A federal judge’s recent ruling that a state law limiting the placement of billboards advertising adult businesses is unconstitutional does not sit well with the CEO of the State Chamber of Commerce. U.S. District Judge Cameron Currie issued the ruling last week. The legislature passed a law in 2006 banning billboards advertising adult-oriented businesses from being placed within a mile of public roads. The owner of “the Lion’s Den,” an adult bookstore along I-26 in Orangeburg County, sued the legislature a year ago. The company said the law violated the business’ right to free speech.
South Carolina Chamber of Commerce President Otis Rawl says he understands the right to free speech, but especially in a tourist oriented state like South Carolina, image is important in attracting visitors.”I think it sends the wrong message for these type of advertisements to be along our interstates and our primary and secondary roads. I think we have to leave it up to our individual companies to kind of police themselves and decide whether or not they want to put these type of advertisements up in the areas in which they have billboards or where they live.”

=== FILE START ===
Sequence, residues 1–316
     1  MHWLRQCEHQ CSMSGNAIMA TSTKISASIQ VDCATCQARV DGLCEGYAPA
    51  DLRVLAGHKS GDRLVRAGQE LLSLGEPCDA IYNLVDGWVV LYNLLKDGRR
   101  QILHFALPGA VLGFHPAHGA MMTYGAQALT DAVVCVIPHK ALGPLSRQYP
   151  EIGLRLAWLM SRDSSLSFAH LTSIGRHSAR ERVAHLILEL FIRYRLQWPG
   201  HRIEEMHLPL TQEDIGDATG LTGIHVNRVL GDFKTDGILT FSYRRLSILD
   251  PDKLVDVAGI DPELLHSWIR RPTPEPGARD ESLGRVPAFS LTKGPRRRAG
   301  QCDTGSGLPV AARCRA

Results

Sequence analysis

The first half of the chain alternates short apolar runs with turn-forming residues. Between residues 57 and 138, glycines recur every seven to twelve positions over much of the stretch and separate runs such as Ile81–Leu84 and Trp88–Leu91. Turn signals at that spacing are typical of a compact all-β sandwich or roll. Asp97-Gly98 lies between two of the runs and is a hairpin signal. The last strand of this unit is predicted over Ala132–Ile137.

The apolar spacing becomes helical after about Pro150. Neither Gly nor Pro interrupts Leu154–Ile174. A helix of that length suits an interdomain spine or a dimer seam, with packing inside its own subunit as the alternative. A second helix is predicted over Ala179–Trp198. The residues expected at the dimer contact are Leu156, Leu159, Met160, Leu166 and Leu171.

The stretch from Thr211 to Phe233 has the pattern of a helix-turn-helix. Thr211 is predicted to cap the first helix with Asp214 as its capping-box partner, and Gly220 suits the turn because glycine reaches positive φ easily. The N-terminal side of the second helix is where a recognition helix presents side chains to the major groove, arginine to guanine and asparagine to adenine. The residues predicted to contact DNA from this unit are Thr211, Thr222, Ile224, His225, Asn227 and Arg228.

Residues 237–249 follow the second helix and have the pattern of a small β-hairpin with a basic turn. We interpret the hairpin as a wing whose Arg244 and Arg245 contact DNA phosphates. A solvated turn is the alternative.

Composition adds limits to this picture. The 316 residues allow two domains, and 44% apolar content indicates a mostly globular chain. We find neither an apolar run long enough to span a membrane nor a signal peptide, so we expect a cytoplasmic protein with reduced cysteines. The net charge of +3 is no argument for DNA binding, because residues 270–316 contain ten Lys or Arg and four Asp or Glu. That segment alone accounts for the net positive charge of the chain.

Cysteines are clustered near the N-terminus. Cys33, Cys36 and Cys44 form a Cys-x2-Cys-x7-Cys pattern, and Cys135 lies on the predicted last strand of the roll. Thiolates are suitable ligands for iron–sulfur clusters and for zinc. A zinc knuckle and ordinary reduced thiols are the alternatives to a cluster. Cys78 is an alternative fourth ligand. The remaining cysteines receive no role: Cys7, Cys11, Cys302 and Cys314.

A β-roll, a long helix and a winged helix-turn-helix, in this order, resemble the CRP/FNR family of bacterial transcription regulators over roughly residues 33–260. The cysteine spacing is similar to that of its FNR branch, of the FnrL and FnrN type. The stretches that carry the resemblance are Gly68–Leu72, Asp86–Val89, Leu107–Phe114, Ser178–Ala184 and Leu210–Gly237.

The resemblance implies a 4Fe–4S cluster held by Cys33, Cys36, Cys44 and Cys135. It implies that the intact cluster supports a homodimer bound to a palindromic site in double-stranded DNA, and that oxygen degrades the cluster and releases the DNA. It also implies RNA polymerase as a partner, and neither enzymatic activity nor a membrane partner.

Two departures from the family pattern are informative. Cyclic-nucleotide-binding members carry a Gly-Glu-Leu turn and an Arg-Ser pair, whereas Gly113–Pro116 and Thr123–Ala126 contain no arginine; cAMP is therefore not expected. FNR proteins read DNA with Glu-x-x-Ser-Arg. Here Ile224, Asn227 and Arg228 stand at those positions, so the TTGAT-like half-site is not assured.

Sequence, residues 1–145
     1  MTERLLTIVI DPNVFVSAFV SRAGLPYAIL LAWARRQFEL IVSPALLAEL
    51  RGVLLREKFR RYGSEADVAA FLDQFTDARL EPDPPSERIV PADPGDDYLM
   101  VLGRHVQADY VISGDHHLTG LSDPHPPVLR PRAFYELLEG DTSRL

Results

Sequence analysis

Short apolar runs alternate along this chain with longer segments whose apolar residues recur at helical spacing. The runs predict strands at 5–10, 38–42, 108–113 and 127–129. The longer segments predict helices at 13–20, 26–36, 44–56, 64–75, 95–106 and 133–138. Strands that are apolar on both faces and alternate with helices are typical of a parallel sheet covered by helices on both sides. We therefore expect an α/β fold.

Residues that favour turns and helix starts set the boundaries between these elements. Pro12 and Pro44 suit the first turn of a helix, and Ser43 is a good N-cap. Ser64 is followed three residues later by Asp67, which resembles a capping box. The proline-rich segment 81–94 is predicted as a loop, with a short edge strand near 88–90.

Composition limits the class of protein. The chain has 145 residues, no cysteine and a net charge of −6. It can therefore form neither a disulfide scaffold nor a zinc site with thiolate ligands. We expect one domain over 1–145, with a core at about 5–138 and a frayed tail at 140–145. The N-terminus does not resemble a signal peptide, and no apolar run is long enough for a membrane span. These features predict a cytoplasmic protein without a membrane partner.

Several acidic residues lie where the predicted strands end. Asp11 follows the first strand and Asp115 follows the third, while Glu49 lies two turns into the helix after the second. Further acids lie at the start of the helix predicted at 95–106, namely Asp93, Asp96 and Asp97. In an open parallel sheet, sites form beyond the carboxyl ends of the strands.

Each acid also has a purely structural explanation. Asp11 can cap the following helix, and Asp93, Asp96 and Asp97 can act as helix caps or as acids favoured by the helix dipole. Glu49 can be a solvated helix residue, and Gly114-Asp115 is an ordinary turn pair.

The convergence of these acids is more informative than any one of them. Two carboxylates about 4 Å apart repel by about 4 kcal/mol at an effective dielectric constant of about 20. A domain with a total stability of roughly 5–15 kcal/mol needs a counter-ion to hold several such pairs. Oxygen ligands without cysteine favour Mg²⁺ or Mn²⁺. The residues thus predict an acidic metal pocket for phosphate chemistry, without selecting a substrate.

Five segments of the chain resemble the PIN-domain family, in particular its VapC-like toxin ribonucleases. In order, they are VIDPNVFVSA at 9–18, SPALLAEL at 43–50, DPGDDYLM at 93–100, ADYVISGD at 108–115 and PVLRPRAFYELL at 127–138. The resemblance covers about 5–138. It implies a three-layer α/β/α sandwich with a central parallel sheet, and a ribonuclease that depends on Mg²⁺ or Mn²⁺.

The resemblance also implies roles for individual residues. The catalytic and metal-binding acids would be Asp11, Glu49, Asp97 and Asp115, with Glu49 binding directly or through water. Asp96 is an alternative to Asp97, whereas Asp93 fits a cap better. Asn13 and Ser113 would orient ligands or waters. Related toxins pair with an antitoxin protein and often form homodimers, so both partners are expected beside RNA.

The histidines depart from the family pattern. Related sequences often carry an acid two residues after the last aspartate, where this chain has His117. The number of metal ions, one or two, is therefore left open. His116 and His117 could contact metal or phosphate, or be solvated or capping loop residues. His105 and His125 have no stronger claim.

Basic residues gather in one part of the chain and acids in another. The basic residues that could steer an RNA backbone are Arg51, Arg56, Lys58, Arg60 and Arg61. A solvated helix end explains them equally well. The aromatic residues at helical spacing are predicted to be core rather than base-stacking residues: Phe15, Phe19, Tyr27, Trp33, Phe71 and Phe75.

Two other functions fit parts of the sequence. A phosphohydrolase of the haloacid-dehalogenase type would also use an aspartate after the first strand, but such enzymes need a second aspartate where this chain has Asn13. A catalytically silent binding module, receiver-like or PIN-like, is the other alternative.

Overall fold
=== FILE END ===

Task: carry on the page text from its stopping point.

Rawl says the ruling does not help the state maintain it’s image as a tourist state that is family oriented. Rawl says he hopes billboard companies will use some discretion in accepting business from adult businesses and where there messages are placed.
“Without a doubt, I think it sheds a poor light on South Carolina as visitors visit us and we would hope that our businesses that have billboards would make the election to not make those type of advertisements available to those other types of companies.”